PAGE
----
Reprinted from The Jewish Religion: A Companion, published by Oxford University Press.
A number of Rabbis mentioned in the Talmud are called Yose, each with his father’s name, but where the name Rabbi Yose occurs on its own the reference is to Rabbi Yose ben Halafta, a second-century Tanna.
Together with Rabbi Meir, Rabbi Judah, and Rabbi Simeon ben Yohai, Rabbi Yose is numbered among the sages taught by Rabbi Akiba in his old age. Rabbi Yose is quoted more than 300 times in the Mishnah and very frequently in the Tosefta.
Debates between Rabbi Yose and his colleagues are recorded, the Talmud (Eruvin 46b) stating that in such instances the opinion of Rabbi Yose is decisive. Rabbi Judah the Prince, editor of the Mishnah, was a pupil of Rabbi Yose.
In addition to his prowess in Halakhah, Rabbi Yose was known for his theological observations. Attributed to him is the famous statement (Genesis Rabbah 68:19) that God is called Ha-Makom (‘the Place’) because ‘He is the place of the world but the world is not his place.’
Another theological observation attributed to Rabbi Yose is that ‘the Shekhinah never descended to earth and Moses and Elijah never ascended on high (Sukkah 5a).’
A Talmudic legend (Berakhot 3a) tells of Rabbi Yose entering one of the ruins of Jerusalem to pray and Elijah greeting him as ‘Rabbi.’ When Elijah asks Rabbi Yose what sound he had heard in the ruin, Yose replies: ‘I heard a Bat Kol moaning like a dove, crying: “Alas for My children for whose iniquities I destroyed My house, burnt My Temple, and exiled them among the nations.”‘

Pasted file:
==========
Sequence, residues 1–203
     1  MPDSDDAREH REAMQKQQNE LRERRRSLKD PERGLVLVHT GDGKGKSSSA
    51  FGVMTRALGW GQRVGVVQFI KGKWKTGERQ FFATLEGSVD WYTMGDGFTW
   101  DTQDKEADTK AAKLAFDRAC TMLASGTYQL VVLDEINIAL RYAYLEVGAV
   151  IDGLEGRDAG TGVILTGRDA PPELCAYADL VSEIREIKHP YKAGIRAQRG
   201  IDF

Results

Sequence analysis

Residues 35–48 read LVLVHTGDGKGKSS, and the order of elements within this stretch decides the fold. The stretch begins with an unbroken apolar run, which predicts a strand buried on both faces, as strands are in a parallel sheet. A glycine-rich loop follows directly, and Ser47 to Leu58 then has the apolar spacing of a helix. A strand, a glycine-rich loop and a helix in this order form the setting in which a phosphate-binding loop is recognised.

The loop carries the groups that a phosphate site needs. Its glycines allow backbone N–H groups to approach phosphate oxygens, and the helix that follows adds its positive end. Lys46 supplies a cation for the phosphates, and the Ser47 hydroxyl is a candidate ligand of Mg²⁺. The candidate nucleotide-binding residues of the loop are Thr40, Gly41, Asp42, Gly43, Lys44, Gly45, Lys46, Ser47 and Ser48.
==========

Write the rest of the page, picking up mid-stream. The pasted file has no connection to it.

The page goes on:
The early chronological work Seder Olam is attributed in the Talmud (Yevamot 82b) to Rabbi Yose, although there are later additions to the work from a much later period. The Seder Olam is the first chronological work in which historical events are dated from ‘the creation of the world.’ This method of dating, however, was not adopted by Jews generally until the Middle Ages.
Pronounced: MISH-nuh, Origin: Hebrew, code of Jewish law compiled in the first centuries of the Common Era. Together with the Gemara, it makes up the Talmud.
Pronounced: TALL-mud, Origin: Hebrew, the set of teachings and commentaries on the Torah that form the basis for Jewish law. Comprised of the Mishnah and the Gemara, it contains the opinions of thousands of rabbis from different periods in Jewish history.